The rules about how handicapped travelers are treated aloft seem destined for more changes, with the possibility that all passengers on all airlines will have to be handled identically.
The two-tier Department of Transportation rule imposes different standards for subsidized and non-subsidized airlines. The subsidized airlines are governed by a specific set of rules on access for the handicapped, but the non-subsidized carriers just follow a general prohibition on discrimination against disabled passengers.
Most air travel by handicapped passengers, who number around 35 million in the United States, is on the major carriers who are not subsidized and who thus have more leeway in their treatment of such travelers.
Attempts by handicapped groups to make the rules apply to all airlines were recently shot down by a U.S. Supreme Court ruling that upheld the two standards. This decision was based on the fact that the major airlines don't come under a federal civil rights statute prohibiting discrimination in federally subsidized programs.
In light of that ruling, the Department of Transportation is considering other methods of aligning the two standards.
Congress is also looking at the dual standards, with separate bills introduced. The Senate bill (S. 2703) would subject airlines to stricter federal rules on discrimination against disabled passengers, in effect offsetting the Supreme Court decision. A similar bill (H.R. 5154) was introduced in the House of Representatives that would require airlines, among its provisions, to give disabled passengers the same service as non-handicapped travelers. This bill would also permit passengers with disabilities to sue the airlines if airlines violated its provisions.
There is considerable difference of opinion as to whether the general guidelines for non-subsidized carriers really require such an overhauling or just a more even application of the existing rules by the airlines.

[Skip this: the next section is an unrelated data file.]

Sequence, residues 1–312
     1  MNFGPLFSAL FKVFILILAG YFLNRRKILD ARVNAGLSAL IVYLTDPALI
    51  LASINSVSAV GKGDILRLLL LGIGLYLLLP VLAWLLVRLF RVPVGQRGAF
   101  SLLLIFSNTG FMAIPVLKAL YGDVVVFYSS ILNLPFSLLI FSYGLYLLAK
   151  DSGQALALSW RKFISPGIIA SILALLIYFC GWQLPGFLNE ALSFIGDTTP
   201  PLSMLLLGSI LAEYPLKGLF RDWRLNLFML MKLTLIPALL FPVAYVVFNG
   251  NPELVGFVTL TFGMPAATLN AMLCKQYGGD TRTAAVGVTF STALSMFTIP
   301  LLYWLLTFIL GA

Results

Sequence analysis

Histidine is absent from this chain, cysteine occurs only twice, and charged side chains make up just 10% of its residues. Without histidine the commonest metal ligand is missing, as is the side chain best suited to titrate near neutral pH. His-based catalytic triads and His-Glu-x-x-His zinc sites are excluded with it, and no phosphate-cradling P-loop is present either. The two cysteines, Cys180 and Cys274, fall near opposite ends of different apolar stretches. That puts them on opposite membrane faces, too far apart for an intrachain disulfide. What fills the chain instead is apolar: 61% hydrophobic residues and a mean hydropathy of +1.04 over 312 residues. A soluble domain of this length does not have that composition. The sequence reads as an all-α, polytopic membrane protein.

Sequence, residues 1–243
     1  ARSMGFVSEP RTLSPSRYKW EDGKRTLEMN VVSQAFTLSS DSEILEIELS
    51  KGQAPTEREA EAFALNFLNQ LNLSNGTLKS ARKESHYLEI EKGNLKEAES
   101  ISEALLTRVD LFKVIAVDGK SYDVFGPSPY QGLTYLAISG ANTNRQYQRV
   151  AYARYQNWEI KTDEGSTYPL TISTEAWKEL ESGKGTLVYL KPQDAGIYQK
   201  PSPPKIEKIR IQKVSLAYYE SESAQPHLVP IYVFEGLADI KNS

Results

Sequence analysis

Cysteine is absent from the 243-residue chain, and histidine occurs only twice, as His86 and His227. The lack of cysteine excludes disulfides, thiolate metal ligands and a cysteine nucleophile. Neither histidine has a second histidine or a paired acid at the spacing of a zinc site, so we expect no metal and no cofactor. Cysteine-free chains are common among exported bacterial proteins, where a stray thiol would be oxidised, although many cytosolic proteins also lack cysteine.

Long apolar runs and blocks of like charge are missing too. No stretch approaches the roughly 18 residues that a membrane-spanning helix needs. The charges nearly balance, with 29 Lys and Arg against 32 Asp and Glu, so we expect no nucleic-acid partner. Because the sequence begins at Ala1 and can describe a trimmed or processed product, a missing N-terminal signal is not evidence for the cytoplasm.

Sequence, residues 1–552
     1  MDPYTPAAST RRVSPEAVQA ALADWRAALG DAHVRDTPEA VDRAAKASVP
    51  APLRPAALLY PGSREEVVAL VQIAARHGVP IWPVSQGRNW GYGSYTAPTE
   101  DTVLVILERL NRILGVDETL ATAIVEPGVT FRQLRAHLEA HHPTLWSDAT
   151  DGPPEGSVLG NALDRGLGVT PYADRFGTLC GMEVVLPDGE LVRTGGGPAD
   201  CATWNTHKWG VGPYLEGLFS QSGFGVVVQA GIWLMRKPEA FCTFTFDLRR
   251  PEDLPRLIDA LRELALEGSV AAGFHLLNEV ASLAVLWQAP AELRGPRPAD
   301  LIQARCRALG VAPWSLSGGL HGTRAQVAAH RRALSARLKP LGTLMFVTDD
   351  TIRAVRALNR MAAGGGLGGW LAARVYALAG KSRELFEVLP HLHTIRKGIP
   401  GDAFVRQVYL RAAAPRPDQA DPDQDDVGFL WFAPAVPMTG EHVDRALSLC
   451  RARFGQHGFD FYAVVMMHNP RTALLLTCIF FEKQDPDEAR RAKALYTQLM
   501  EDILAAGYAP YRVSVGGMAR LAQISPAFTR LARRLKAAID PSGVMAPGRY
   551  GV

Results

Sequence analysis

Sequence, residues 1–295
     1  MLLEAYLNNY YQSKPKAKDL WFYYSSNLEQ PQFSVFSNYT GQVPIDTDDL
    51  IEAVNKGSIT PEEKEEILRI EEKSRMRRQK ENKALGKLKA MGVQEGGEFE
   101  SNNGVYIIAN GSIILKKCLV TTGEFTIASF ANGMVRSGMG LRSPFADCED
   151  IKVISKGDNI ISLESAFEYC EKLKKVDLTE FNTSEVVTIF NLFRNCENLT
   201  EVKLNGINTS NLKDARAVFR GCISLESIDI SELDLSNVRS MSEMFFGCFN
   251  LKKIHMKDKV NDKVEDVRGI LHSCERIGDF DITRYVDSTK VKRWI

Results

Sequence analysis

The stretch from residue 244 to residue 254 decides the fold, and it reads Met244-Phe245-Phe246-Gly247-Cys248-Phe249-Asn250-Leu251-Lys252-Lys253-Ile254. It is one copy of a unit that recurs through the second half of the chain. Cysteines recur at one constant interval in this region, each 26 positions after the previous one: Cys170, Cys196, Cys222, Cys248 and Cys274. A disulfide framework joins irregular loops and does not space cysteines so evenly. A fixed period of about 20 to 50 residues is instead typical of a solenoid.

The general rule states that airlines shouldn't discriminate against any handicapped person because of that person's handicap. There are three situations where the airline can refuse service to a disabled passenger: when the handicapped person is unable or unwilling to comply with the reasonable requests of carrier personnel; when taking that person on the flight would violate safety requirements set by the FAA, and when that passenger doesn't satisfy advance notice requirements.
An airline, under FAA regulations, may require handicapped passengers to fly with attendants when necessary for the safety of other passengers or if the person needs extra personal care, including responding to the requests of flight personnel.
But interpretation of these rules, contend critics, varies from airline to airline and sometimes from city to city served by the same carrier. Not all airline employees are sufficiently trained, observers argue, to make determinations on the feasibility of boarding handicapped travelers.
One of the key issues confronting passengers and airlines is when a handicapped passenger needs special assistance. Many carriers have a policy that passengers requiring such assistance must travel with a companion.
"The Supreme Court ruling was a slap in the face," said Yvonne Nau, secretary/treasurer of the recently formed, Los Angeles-based Travel Industry & Disabled Exchange, a trade group. "The biggest thing that we object to is that the airlines, both under the existing and now reinforced rules, can ask for someone to accompany us," added Nau, who is also a travel agent.
As to the practical impact of the ruling, Nau said: "The airlines that have been good and innovative as far as accommodating disabled travelers will continue to do so, but this decision legitimizes discrimination for those carriers that want to refuse service."
Nau indicated that "about 75%" of the airlines cooperate with disabled passengers.
"While the airlines are getting better and better, people with disabilities still face considerable problems with some airlines," she said. "For example, you may be told when making a reservation that it's the airline's policy that passengers in wheelchairs be accompanied by a non-disabled person. And that's sight unseen. You'll be asked if you will need any assistance in boarding or going to the lavatory, but it doesn't seem to make any difference what your answer is if the airline has that policy.
"Even worse," Nau said, "are the situations where there is no problem in making the reservations but when airline personnel may advise you at the airport, possibly already at the gate, that you need a companion."